Bang for your buck III: Performance cars

Over the past fortnight, CarAdvice has crunched the numbers on the best value for money cars available in Australia from both a power and a power-to-weight perspective.
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Today, again as requested by readers, we bring you the price-to-power-to-weight ratios of performance cars on sale in Australia. In simple terms, it answers the question: “What is the best-value power-to-weight proposition among the cars in my price range?”

You’ll find there are significantly less Protons and Kias in the following tables; rather a selection of performance models divided into three categories: ‘Up to $60,000’, ‘$60,000 to ‘$120,000’ and ‘$120,000 and above’.

Obviously, buying a performance car involves juggling a complex set of variables, some of which resist numerical analysis (such as: Ford V Holden). There is much more to a good sports car than simply these three variables, but it makes interesting reading when you break the market of desirable cars down in this way. It's utilitarian, too. As a simple measure of the level of performance your dollar can buy in the sports car market, the tables below are a reasonably comprehensive representation.

Up to $60,000

MakeModelBestPrice ($)Power-to-weight (kW/tonne)Price-to-power/weight ratio ($ per kW/tonne)
VolkswagenPoloGTI 3dr27,790111.0250
MazdaMazda3MPS hatch38,435130.5295
FordFalconXR8 (M6)48,390163.8295
SubaruImprezaWRX hatch (M5)39,990132.7301
RenaultClioRS 200 Cup36,490120.4303
FordFalconXR6 Turbo (M6)48,990159.4307
HoldenCommodoreSS (M6)47,790152.5313
FordFocusXR5 Turbo36,490115.5316
RenaultMeganeRS 250 Cup41,990132.7317
MazdaMazda3SP25 sedan (M6)29,25591.2321
VolvoC30T5 S (M6)36,950115.0321
FPVSedanGS (M6)56,990171.8332
MitsubishiLancerRalliart TC-SST43,890130.6336
VolkswagenGolfGTI 3dr (M6)38,990114.0342
MINICooperJCW hatch48,800137.2356
HondaCivicType R (M6)39,990110.0363
SkodaOctaviaRS (M6)37,49099.7376
VolkswagenGolfR 3dr (M6)48,490127.4381
SubaruLibertyGT Premium (M6)52,990131.1404
SubaruImprezaWRX STi hatch (M6)59,990145.4413
PeugeotRCZ1.6 turbo petrol (M6)54,990107.1513

In the first category, the recently launched Volkswagen Polo GTI comes out on top. Its combination of 132kW of power, a total mass of less than 1200kg and a starting price of $27,790 for the three-door model puts it ahead of the game, and makes it the best-value power-to-weight sports car in Australia.

Among the larger hot hatches, the Mazda3 MPS just beats the Subaru Impreza WRX, while the less powerful Volkswagen Golf GTI and Honda Civic Type R finish around the middle of the pack.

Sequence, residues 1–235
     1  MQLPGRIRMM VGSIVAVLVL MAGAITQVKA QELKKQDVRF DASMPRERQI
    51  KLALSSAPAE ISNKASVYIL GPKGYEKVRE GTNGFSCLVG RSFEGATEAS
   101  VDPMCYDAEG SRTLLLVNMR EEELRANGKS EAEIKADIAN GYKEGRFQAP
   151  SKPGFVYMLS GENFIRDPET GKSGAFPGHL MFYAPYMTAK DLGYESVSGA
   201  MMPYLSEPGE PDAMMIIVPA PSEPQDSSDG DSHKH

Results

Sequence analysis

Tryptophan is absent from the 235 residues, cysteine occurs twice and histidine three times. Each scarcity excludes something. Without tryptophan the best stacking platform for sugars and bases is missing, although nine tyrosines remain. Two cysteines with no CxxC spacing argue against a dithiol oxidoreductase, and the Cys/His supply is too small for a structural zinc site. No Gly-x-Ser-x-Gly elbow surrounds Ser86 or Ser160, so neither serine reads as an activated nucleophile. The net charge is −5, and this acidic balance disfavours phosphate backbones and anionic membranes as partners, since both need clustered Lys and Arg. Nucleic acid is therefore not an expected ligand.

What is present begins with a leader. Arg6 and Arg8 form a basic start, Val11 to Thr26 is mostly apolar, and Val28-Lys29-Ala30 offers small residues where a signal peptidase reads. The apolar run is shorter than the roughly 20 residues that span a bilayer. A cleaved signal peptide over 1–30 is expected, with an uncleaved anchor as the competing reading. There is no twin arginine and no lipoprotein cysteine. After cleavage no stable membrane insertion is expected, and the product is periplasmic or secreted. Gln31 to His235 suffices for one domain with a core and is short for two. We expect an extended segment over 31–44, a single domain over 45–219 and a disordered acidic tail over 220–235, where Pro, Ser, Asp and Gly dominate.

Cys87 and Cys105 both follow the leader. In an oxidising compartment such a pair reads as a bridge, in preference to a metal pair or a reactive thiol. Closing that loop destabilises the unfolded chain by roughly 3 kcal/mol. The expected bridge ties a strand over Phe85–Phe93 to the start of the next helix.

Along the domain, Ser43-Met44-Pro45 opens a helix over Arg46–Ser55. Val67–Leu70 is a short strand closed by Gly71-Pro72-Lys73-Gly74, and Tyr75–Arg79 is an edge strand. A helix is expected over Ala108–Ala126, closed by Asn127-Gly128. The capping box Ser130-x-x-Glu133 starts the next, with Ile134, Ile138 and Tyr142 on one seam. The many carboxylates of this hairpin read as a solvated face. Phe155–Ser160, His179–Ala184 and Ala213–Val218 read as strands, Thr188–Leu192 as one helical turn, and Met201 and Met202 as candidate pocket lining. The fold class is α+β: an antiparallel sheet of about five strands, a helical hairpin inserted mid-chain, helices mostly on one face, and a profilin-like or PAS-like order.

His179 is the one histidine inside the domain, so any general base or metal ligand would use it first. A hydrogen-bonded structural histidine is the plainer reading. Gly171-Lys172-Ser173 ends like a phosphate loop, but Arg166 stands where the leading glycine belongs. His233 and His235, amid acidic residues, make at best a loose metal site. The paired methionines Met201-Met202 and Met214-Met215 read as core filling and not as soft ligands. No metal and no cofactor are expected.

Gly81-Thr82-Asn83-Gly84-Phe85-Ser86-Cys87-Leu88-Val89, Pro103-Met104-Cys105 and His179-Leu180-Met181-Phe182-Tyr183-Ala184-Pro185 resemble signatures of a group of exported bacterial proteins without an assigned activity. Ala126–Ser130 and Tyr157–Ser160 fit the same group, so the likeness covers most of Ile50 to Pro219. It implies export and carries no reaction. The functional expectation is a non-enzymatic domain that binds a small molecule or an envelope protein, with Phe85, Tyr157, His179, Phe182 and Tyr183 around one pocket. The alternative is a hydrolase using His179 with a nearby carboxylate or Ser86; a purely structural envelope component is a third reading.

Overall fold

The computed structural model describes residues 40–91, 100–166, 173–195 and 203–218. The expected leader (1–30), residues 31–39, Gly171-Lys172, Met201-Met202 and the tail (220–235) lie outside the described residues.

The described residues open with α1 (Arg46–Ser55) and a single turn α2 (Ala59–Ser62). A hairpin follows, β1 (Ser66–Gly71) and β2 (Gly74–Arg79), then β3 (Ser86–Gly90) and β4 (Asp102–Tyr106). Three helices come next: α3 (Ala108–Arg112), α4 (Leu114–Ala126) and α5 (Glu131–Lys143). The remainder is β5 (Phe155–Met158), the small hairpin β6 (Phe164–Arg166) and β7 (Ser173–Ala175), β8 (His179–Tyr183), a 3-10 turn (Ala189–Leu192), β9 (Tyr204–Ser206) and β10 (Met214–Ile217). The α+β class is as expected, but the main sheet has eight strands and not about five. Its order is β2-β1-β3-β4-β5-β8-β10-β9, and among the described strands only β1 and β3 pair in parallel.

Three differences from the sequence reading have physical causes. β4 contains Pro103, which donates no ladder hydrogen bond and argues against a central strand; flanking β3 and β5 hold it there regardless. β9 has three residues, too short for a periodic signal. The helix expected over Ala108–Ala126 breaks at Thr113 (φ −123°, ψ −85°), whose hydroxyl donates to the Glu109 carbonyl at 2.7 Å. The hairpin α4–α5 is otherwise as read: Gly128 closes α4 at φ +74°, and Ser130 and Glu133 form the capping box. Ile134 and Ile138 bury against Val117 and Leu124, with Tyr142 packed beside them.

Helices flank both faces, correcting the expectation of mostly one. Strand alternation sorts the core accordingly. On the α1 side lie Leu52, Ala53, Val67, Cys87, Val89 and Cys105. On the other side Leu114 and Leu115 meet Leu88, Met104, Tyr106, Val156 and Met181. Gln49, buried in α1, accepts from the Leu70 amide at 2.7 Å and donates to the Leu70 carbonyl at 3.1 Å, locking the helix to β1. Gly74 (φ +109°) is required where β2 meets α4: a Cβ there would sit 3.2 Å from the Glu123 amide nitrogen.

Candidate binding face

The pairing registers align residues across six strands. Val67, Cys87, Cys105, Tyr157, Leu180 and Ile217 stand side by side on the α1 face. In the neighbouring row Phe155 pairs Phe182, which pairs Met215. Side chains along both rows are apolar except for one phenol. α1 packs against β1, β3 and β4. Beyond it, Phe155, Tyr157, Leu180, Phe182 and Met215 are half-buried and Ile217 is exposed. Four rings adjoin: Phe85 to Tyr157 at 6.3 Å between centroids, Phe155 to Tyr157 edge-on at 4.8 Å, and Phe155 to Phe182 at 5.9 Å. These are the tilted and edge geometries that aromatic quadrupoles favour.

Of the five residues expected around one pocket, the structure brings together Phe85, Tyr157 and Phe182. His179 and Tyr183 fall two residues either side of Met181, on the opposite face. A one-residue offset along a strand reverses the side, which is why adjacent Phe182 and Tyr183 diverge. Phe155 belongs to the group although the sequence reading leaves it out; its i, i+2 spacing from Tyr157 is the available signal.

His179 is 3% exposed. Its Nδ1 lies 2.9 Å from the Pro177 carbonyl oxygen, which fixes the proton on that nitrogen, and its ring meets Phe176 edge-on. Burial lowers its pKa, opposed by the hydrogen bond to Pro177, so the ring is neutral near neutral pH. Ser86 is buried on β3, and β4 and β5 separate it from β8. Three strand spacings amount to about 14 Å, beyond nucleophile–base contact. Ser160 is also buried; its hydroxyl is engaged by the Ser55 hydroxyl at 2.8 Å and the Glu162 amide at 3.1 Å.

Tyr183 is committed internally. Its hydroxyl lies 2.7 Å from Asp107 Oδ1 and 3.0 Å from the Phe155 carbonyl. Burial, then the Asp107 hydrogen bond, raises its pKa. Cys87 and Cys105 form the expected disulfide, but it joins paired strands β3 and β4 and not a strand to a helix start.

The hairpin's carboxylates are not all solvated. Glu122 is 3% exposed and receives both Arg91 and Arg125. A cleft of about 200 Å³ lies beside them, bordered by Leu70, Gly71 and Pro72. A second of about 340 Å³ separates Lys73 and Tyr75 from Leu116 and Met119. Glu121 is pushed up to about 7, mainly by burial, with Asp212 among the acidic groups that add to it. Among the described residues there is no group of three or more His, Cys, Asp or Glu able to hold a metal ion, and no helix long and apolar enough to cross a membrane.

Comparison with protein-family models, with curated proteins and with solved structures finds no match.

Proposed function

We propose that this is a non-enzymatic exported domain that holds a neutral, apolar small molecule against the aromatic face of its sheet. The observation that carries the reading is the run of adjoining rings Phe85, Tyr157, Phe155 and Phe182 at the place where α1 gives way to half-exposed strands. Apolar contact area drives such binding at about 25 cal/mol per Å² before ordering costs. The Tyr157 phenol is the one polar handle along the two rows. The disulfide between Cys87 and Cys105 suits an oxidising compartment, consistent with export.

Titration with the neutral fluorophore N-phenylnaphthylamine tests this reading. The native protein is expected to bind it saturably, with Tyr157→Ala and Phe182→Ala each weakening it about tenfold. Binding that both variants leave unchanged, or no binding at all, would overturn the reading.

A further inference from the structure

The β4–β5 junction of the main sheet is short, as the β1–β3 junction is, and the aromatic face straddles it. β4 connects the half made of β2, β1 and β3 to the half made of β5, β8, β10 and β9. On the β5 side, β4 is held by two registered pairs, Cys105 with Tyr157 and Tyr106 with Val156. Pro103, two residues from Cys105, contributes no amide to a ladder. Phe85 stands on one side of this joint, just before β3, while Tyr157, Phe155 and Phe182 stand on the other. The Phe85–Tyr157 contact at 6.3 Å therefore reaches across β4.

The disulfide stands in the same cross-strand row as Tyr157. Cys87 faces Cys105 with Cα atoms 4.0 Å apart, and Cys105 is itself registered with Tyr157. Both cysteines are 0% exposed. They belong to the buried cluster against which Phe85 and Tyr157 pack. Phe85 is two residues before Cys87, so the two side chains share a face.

The Falcon and Commodore have a good battle with three models inside the top eight. The SS may be the cheapest, but it is as heavy as the more powerful XR8, and only as powerful as the lighter XR6 Turbo, meaning it finishes third of the traditional Aussie threesome.

$60,000 to $120,000

MakeModelBestPrice ($)Power-to-weight (kW/tonne)Price-to-power/weight ratio ($ per kW/tonne)
HSVE SeriesClubsport R8 (M6)65,990174.9377
MitsubishiLancerEvolution (M5)61,190138.7441
BMW1 Series135i Sport (M6)74,700151.5493
VolkswagenPassat CCV6 FSI65,990132.9497
Mercedes-BenzC-ClassC250 CGI66,95099.7672
Alfa Romeo1593.2 V6 Ti79,990113.0708
BMW3 Series335i M Sport110,200149.0740
BMWZ4sDrive35i (M6)116,900149.5782
Mercedes-BenzSLKSLK350 (M6)119,690150.8793

The roles are reversed in the second category however, with the HSV Clubsport R8 the better-value option than both the FPV GT and F6. Price is the most telling factor, with the R8 offering 317kW for just $65,990.

Despite its higher price, the BMW 135i Sport edges out the Audi S3 thanks to the extra 37kW under the bonnet. The story is the same in the next category up, with the lightweight 335i M Sport nudging aside the more powerful S4.

$120,000 and above

MakeModelBestPrice ($)Power-to-weight (kW/tonne)Price-to-power/weight ratio ($ per kW/tonne)
Mercedes-BenzC63 AMG150,980194.2777
Mercedes-BenzE63 AMG238,060209.81135
JaguarXKXKR Coupe255,000213.91192
Aston MartinV8 VantageCoupe (M6)260,852192.01358
AudiR85.2 FSI quattro (M6)341,900238.31435
Porsche911GT2 RS560,000332.81682
LamborghiniGallardoLP560-4 E-gear502,204274.71828
Ferrari458 Italia526,950286.21841
Aston MartinDBSCoupe497,441224.22219
BentleyContinental GTSupersports506,311212.42384
LamborghiniMurcielagoLP640 SV E-gear889,000315.02822

An epically tight battle at the top of the third table sees the 309kW BMW M3 just hold off the 357kW Nissan GT-R and the 336kW Mercedes-Benz C63 AMG. As well as being the cheapest, the BMW is more than 120kg lighter than both the GT-R and the AMG.

The BMW M6 and the Aston Martin V8 Vantage Coupe run a tight race in the middle of the pack, while at the absolute supercar end of the spectrum, next to nothing separates the SLS, Gallardo, 458 Italia and GranTurismo S.

All of this needs to be put into perspective though. Numbers on a screen are one thing, but the intangible factors of these vehicles are just as important. Questions like: How does it feel on the road? How well does it brake into and accelerate out of corners? How jealous does it make your neighbours, and how cool do you think it is? What does that particular car say about you? How good does it look, sound, maybe even smell? And most importantly, how does it make you feel?

There’s no equation for any of that. Fortunately, for the vehicles listed above, it’s simply a matter of trial and error - or not, depending on price-point. Not everyone has 10 or more average annual salaries to drop on a car, but it's therapeutic to argue the toss even over cars you could only afford if those pesky Lotto numbers come up next week.